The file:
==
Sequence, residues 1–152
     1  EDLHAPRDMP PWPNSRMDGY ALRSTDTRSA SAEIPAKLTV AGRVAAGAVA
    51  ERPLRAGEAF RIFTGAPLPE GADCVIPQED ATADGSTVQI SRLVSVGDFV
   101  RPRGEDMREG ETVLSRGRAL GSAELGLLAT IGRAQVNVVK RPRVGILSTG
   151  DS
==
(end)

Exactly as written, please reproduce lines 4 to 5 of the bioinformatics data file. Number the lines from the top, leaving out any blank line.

   101  RPRGEDMREG ETVLSRGRAL GSAELGLLAT IGRAQVNVVK RPRVGILSTG
   151  DS